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-   -   problems with variables using sed or awk in script (http://www.linuxquestions.org/questions/programming-9/problems-with-variables-using-sed-or-awk-in-script-669940/)

FeatherKing 09-14-2008 09:02 PM

problems with variables using sed or awk in script
 
I am trying to compare the differences in two variables to make a third variable. Much like running 'diff file1 file2' i am trying to run
Code:

FILE3=`echo $FILE1 | sed -e "s/$FILE2//g"
this is working correctly if $FILE2 is something simple like a line of text.

The problem i am running into is: $FILE2, in my case, has a "." (for example two names: "john.larson kyle.hyde") in it and sed is trying to interpret the "." as a special character. I cant escape it because its inside the variable. Awk is giving the same behavior with something like
Code:

FILE3=`echo $FILE1 | awk -v FILE2=$FILE2 '{gsub(FILE2, "")'`
but it complains the the "." in the variable is a syntax error, and again i cant escape it becuase it is in a variable.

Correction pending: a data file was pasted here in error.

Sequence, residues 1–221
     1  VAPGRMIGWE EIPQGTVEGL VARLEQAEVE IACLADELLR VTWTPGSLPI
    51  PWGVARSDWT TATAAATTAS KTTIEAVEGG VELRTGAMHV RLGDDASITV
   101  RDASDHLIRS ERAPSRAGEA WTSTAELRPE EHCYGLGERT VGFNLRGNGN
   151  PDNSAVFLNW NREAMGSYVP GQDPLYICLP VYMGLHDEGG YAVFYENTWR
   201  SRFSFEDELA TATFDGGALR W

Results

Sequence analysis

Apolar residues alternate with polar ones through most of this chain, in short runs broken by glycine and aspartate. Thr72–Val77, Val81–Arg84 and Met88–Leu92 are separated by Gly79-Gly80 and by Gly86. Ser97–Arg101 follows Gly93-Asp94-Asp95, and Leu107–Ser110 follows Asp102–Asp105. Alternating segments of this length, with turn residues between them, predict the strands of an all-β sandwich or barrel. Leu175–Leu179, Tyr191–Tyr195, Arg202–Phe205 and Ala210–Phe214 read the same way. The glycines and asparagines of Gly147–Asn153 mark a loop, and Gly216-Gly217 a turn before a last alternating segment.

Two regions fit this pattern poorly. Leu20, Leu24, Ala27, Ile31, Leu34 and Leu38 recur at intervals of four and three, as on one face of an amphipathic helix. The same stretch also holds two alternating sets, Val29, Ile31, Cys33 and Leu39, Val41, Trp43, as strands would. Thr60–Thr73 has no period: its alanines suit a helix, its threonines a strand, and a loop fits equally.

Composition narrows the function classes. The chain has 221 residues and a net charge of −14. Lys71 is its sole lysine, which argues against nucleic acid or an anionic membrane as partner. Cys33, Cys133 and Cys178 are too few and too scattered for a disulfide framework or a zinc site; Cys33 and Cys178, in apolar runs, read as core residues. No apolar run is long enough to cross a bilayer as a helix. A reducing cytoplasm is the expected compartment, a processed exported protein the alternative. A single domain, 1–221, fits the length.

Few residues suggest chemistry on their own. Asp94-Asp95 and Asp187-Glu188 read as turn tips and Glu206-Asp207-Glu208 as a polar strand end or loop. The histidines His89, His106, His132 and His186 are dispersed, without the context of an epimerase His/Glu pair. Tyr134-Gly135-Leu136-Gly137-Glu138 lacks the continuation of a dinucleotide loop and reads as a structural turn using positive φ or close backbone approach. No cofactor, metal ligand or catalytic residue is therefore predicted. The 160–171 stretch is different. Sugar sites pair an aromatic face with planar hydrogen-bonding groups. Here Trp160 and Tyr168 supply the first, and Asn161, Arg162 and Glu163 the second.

I have also tried something like
Code:

FILE3=`echo ${FILE1//FILE2/}`
and this doesnt seem to error at all but it is not actually removing the FILE2 information from FILE1.

Because of the functions later in the script, i need to keep the periods as they are. Right now i have this working by sending the command out to two text files and comparing them with diff. If possible i would like to do this in the script using only variables.

Mr. C. 09-14-2008 09:41 PM

You can use perl's \Q \E quoting characters to avoid special character interpretation.

Code:

$ FILE1='tom.foolery'; FILE2='tom.fool' ; echo $FILE1 | perl -pe "s/\Q$FILE2\E//"   
ery

$ FILE1='tom foolery'; FILE2='tom.fool' ; echo $FILE1 | perl -pe "s/\Q$FILE2\E//"
tom foolery


FeatherKing 09-14-2008 10:48 PM

Unfortunatley this is a pretty basic load and perl is not part of it. I was looking at some examples of using & within gsub like
Code:

gsub(&FILE2, "")
but again it complains about syntax

Kenhelm 09-14-2008 10:51 PM

In Bash this removes every match of $FILE2 from $FILE1
Code:

FILE3=${FILE1//"$FILE2"/}
You can also escape the '.' for sed.
Here ${FILE2//./\\.} replaces all '.' in $FILE2 with '\.'
Code:

FILE3=`echo "$FILE1" | sed -e "s/${FILE2//./\\.}//g"`

FeatherKing 09-14-2008 11:13 PM

Excellent, i guess i was just missing some double quotes, this worked great
Code:

FILE3=`echo ${FILE1//"FILE2"/}
Thanks again


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